We're actually making very good penetration in each one of those segments. The Retail business has been good for us. We've had tremendous success in the central part of the us United States in our SmartSide line. And I think what's happening there is as we're getting more and more people to try this product, we get repeat customers. And we're also now about 15 years beyond the debacle of the Intersil issue, and people are starting to forget that when they see the merits of this new redesigned product. So penetration's remarkable for us right now. We're very happy with that in each one of those segments.

Peter Ruschmeier - Barclays Capital

Do you foresee more CapEx required in that business, or do you think you have enough of a footprint to work with?

Richard Frost

Got about 80%, 90% capacity in front of what our current run rate is. You remember that we did put some improvements into that business right before housing went in the tank and we fully converted our Hayward mill. So we're only running one line at Hayward right now on Siding, the other on OSB, but the Hayward mill is ready to convert to Siding when the need comes, and then we're currently running our smaller, 3 smaller mills on 3 shifts. So we've got about 300 million to 400 million feet of capacity, 300 million feet of capacity in front of that business right now without money.

Operator

And your next question comes from the line of Steve Chercover from D.A. Davidson.

Steven Chercover - D.A. Davidson & Co.

So first of all, is it your sense that there's a lot of inventory on the ground given that production for OSB was up 18% and the offtake wasn't really there?

Richard Frost

I don't know what a lot means, but they're certainly more than there was at this time last year. So the channel -- our customers add a little bit more on the ground than what they did a year ago. I mean it's not just charter bought full [ph], near as I can tell, but you kind of look at the way the market's performing, and that tells you that they've got enough to cover their needs.

Curtis Stevens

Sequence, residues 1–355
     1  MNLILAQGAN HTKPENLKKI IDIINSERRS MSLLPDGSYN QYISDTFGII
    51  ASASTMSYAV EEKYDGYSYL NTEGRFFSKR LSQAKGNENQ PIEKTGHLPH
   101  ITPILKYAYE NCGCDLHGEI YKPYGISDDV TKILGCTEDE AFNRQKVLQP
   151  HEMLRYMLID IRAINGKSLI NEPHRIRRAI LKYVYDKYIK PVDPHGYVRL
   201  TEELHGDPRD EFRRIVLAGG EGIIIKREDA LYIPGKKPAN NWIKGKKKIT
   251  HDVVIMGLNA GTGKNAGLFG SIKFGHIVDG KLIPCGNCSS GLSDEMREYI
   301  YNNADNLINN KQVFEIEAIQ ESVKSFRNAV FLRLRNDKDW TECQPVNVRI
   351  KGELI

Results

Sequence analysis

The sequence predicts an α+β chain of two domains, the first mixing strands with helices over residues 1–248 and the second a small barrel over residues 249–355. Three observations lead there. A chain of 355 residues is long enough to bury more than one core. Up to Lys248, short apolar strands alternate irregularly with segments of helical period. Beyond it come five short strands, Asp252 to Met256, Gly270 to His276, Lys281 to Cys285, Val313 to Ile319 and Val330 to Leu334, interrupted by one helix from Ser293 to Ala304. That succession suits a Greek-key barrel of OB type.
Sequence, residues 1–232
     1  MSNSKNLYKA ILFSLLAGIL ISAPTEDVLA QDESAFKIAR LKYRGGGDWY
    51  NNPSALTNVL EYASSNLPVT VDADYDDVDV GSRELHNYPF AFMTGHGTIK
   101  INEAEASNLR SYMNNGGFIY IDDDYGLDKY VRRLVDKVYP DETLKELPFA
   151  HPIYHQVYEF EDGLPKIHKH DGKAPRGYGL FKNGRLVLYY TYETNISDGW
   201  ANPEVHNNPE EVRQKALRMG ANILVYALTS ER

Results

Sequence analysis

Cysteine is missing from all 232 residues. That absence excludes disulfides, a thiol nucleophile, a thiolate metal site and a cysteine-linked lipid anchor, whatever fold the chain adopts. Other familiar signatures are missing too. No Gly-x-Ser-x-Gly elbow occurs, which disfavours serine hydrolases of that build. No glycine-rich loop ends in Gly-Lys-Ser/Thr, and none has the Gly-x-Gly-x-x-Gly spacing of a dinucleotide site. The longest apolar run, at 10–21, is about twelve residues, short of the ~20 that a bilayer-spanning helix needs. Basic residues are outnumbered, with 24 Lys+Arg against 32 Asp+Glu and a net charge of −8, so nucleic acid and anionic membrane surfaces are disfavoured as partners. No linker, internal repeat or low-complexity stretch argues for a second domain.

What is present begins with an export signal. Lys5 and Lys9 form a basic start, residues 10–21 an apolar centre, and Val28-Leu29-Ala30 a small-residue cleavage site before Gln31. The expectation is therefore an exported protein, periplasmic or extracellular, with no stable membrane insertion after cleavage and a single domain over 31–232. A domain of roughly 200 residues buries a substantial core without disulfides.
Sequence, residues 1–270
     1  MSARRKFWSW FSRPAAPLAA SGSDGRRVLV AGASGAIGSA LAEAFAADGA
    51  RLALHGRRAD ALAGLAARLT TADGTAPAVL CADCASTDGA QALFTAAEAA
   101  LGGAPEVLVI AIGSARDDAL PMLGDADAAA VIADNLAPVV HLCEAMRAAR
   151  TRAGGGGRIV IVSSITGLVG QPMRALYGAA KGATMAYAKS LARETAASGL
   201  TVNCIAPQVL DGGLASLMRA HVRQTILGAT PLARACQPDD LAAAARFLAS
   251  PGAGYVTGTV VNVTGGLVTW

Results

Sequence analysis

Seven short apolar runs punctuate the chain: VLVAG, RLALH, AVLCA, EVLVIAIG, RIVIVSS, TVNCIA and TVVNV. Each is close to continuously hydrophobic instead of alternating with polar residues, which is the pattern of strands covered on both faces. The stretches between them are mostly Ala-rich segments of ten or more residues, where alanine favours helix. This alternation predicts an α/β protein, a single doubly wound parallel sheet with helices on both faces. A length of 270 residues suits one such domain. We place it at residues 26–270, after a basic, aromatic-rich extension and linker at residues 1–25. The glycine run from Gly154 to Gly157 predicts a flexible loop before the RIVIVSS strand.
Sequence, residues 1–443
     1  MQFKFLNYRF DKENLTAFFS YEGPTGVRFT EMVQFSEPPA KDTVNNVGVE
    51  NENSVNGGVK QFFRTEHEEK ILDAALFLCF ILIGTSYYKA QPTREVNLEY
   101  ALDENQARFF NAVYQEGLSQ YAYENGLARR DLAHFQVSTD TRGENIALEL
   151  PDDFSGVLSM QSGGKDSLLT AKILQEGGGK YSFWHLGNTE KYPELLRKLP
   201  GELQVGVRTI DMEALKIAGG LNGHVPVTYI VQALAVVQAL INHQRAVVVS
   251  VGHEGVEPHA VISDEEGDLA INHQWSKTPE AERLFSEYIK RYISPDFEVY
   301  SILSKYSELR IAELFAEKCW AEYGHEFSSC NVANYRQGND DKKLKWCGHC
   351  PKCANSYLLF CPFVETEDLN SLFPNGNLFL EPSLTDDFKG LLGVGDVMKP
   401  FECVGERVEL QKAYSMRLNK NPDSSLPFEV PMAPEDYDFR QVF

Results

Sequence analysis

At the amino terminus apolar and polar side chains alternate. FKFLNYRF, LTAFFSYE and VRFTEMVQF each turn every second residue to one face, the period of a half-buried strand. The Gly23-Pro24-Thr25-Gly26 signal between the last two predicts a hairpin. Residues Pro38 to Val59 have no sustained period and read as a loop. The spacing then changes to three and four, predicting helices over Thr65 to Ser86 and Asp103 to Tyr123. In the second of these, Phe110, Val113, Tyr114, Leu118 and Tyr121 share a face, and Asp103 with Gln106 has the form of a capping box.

Steve, I'd say that at the end of the quarter, there was more on the ground, but I think they've all been adjusting through April and May and that's why you see pricing come off as hard as it did.

Steven Chercover - D.A. Davidson & Co.

And so are you going to adjust your production plans from where you might have thought at the beginning of the year?

Curtis Stevens

We do it every day.

Richard Frost

We do it every week.

Steven Chercover - D.A. Davidson & Co.

Okay, and then -- I apologize, I should probably know this, but on the notes receivable, the $533 million, is there a direct offset for that in long-term debt? And how come the number went up from 2009 back up to the current levels?

Curtis Stevens

There was a change in the account literature. We had to take an off-balance sheet transaction that was for the Southern Timberland, and we had to add that back onto the balance sheet. So that was a big increase. It was always reported and disclosed, but it wasn't an off-balance sheet transaction but a change in accounting rules [ph].

Steven Chercover - D.A. Davidson & Co.

Okay. Well I thought there was something along those lines, but there is a direct offset in terms of the debt, right?

Curtis Stevens

It's not a direct offset. There's about $45 million greater assets than there is a liability.

Steven Chercover - D.A. Davidson & Co.